This Week's Must Read

Under the original rules for Social Security, workers became eligible for a benefit upon reaching their full retirement age of 65, with a slight increase in benefits if the worker delayed until as late as age 70. However, full retirement age itself has always been a moving target. It was pushed from 65 to 67 in 1983, and Congress frequently raises the specter of pushing it even later — which, if acted on, could diminish the utility of a retiree delaying his/her Social Security disbursal. What follows is a look into how to navigate the knowns, and unknowns, of Social Security payouts.

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Congress has periodically looked at the idea of simplifying tax-sheltered savings, but for now investors have to wend their way through a dizzying maze of tax-advantaged investment wrappers: multiple types of IRAs, company-retirement plans, and college-savings accounts, each with its own tax treatment, its own set of rules governing who can contribute and how much, and its own policies on distributions. It’s all enough to make you wish for the good old days of certificates of deposit and passbook savings accounts.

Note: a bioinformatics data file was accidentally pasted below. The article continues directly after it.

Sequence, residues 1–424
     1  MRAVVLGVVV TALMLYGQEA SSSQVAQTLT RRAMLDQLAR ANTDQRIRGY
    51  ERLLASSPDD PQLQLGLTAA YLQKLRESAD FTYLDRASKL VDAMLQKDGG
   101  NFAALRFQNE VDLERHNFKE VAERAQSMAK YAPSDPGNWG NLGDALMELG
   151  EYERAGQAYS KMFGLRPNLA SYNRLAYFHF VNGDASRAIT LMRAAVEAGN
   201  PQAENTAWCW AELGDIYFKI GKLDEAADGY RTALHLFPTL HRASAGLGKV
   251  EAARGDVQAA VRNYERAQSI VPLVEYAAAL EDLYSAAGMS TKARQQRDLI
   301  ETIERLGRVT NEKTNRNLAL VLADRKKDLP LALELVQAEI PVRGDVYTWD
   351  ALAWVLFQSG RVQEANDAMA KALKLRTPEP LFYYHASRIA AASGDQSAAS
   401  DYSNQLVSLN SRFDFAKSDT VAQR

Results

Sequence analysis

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They’re questions nearly every young and middle-aged worker has asked themselves: Should I leave my job and retire early? What would I need? How do I know I’m ready?

If you’re considering retiring early, you’ll forego not only the headaches of working, but also the additional money earned that could have made your retirement even more comfortable. To help you decide, here are six signs you may be able to retire early instead of continuing to work.

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Wealthy people usually aren’t born that way. Most spend their lives amassing their fortunes by working hard, spending little, saving a lot and investing wisely. It may sound like a simple strategy, but the fact that the vast majority of Americans fall short of millionaire status proves that it’s easier said than done.

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Because federal tax law reaches deep into all aspects of our lives, it’s no surprise that the rules that affect us change as our lives change. This can present opportunities to save or create costly pitfalls to avoid. Being alert to the rolling changes that come at various life stages is the key to holding down your tax bill to the legal minimum. Check out these issues that confront the newly retired.

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